Joined up approach to tackling anaemia and iron deficiency is needed in South East Asia
The study, published in Current Medicine Research and Practice, despite the large number of anaemic children live in South East Asian countries, the impact of interventions till date has been varied and unsatisfactory as the prevalence has either increased or shown marginal improvements in these countries.
According to study author, Atul Kotwal from from ACMS and the Indian Armed Forces Medical Services, a concerted effort towards prevention and control is now needed.
“It is time that iron deficiency anaemia is tackled by appropriate interventions utilising various strategies, delivered through an efficient system while ensuring availability, accessibility, affordability and acceptability of interventions,” he wrote.
A global problem in SEA
Iron deficiency is the most common nutritional disorder in the world, and affects a large number of children and women in developing countries. However, it is also significantly prevalent in many developed countries.
According to Kotwal, over 30% of the global population – “a staggering 2 billion people” –are anaemic, many due to iron deficiency.
The high prevalence of advanced iron deficiency and anaemia (known as IDA) in the countries of SEA has important economic and health consequences, warned the Indian researcher.
“The association of IDA with physical productivity losses in adults, maternal mortality, preterm labour, low birth weight, and infant mortality are well known,” he wrote – adding that in children iron deficiency is known to affect cognitive and motor development and increases susceptibility to infections and overall growth.
Kotwal noted that effective interventions to improve iron status will result in large health benefits and a reduction in the prevalence of iron deficiency among children.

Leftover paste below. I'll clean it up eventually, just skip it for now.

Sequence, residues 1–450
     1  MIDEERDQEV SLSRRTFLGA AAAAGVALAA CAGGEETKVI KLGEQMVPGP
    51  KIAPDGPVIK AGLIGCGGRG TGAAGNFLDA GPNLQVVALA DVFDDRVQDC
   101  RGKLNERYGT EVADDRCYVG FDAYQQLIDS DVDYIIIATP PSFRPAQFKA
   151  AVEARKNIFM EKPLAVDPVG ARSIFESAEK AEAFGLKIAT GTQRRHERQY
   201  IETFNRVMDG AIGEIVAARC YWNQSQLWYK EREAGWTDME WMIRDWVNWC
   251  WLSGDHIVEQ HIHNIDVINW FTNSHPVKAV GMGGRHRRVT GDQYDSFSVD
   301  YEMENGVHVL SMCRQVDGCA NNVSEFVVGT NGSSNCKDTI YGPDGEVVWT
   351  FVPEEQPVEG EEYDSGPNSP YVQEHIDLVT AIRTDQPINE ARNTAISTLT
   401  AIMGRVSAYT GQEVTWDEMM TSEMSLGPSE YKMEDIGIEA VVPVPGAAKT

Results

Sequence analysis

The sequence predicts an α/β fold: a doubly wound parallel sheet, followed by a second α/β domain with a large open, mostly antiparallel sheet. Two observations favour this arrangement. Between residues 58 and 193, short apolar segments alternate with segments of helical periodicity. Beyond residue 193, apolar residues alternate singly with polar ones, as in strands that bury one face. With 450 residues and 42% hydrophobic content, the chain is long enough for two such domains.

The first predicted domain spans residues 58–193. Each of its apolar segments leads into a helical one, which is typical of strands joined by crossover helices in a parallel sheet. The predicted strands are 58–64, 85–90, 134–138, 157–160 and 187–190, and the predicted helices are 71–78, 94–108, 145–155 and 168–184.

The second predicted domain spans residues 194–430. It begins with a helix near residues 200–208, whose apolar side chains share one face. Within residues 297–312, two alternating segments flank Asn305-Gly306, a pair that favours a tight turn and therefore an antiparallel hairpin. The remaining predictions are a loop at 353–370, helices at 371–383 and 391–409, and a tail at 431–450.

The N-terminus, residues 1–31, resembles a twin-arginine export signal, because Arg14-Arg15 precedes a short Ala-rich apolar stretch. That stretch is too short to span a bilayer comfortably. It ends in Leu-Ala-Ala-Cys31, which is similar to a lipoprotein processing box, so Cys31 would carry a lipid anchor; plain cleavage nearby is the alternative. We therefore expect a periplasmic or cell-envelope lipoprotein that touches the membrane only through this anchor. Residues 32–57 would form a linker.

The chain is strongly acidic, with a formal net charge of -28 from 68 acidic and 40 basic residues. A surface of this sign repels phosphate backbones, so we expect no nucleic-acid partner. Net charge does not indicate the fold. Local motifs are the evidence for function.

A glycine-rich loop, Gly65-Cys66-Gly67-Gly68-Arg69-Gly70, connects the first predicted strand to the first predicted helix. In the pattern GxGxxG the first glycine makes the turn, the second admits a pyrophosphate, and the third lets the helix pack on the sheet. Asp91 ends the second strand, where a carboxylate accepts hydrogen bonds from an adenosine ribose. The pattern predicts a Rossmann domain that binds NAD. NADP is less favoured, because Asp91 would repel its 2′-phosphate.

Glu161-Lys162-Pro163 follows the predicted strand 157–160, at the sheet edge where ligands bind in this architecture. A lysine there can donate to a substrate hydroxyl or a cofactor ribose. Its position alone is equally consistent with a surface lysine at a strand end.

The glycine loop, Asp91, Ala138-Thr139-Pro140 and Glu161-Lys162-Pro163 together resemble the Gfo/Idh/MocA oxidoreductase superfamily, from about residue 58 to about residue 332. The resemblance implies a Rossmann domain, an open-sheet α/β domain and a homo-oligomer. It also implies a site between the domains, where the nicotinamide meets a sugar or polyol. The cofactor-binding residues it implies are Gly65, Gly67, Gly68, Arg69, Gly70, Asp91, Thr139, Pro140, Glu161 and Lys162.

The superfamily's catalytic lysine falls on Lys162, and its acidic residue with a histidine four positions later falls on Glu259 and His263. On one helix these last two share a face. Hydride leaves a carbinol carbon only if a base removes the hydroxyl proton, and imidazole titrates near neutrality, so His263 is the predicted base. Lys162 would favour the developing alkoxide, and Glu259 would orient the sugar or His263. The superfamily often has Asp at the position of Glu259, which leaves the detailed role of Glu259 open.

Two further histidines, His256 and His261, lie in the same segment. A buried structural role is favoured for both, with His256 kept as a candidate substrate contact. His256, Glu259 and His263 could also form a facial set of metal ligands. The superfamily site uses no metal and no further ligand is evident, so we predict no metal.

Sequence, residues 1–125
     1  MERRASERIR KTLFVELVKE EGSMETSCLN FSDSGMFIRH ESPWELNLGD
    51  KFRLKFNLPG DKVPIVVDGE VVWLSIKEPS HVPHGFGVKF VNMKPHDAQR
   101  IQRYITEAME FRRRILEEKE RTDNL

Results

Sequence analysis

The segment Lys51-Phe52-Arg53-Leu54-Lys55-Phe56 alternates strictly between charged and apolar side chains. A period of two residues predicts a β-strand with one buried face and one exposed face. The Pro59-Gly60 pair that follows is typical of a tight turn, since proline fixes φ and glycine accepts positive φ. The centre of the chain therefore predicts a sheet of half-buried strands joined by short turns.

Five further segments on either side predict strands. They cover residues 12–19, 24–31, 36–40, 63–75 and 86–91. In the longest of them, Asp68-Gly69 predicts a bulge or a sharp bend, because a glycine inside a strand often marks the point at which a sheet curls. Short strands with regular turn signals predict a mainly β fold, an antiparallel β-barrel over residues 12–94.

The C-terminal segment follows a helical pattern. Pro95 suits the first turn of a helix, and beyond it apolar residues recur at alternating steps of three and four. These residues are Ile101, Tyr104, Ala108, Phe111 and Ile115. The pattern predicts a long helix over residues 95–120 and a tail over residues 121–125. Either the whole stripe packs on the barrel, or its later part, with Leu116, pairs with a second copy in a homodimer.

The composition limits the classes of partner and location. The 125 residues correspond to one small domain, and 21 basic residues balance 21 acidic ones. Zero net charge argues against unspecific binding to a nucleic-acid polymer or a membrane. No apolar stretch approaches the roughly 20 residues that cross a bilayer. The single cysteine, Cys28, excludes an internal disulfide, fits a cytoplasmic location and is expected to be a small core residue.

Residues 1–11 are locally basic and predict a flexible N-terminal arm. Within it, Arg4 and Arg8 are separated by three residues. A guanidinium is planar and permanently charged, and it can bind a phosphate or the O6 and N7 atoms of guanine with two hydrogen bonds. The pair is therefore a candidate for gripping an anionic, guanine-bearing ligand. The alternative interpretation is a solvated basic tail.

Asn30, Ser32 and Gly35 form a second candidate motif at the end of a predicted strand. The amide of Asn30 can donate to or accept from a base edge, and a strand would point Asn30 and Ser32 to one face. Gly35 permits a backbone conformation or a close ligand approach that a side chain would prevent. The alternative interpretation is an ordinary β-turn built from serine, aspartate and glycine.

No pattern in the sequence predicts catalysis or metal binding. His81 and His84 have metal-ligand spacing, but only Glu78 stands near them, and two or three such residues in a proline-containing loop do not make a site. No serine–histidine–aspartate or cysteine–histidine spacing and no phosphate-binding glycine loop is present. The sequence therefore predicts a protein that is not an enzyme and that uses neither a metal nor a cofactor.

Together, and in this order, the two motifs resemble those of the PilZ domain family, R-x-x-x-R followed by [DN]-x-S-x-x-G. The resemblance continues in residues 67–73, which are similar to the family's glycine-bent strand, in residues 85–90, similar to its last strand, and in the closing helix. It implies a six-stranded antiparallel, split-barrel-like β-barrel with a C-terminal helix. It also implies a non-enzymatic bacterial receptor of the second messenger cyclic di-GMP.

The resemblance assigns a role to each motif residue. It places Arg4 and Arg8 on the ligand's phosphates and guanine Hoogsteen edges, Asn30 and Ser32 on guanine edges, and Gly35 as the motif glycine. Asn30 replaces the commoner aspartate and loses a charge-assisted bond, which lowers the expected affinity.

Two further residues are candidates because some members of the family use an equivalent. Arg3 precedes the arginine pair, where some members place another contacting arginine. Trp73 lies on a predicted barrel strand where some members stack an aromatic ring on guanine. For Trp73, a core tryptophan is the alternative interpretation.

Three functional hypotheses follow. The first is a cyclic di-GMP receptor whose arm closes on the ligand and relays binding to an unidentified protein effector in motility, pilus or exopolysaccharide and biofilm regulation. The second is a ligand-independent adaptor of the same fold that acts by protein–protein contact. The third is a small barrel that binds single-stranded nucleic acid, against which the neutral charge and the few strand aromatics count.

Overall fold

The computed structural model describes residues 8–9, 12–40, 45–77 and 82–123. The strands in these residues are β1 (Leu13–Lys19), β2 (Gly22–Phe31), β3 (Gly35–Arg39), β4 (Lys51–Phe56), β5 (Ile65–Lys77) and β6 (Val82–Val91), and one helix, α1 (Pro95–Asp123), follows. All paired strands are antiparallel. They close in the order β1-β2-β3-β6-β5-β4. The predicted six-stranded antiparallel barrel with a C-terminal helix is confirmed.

However, such reductions are dependent on well-designed policy and programmes, coupled with efficient and effective implementation, he warned.
“The data clearly show that in SEA countries, except Thailand, there has been little appreciable change in IDA over last few decades,” he said – warning that issues of concern include a failure to recognise the causes of IDA; a lack of political commitment; inadequate planning of control programmes; and an inadequate thrust on nutritional solutions such as dietary diversification, nutrition education, and food fortification.
A mixed policy approach that combines both long and short term strategies could include the promotion of dietary diversification, anthelminthic treatment, mass fortification, home fortification of foods, and provision of supplements, Kotwal noted.
He added that ‘multiple and multi-pronged’ strategies are needed for prevention and control strategies to work. However, he warned that economic, behavioural and programmatic factors impact the effectiveness of such interventions at mass scale.
Media campaigns, legislation for successful implementation of fortification and supplementation programs, promotion of dietary diversification, fortification and supplementation are required to tackle the issue of iron deficiency and anaemia among children in SEA countries, he suggested.
“The need of the hour is immediate action and implementation of several complementary strategies towards enhancing nutritional status of children in SEA countries,” warned Kotwal.
“Political will, priority setting and locally effective strategies are required immediately.”
Source: Current Medicine Research and Practice
Volume 6, Issue 3, Pages 117–122, doi: 10.1016/j.cmrp.2016.05.009
“Iron deficiency anaemia among children in South East Asia: Determinants, importance, prevention and control strategies”
Author: Atul Kotwal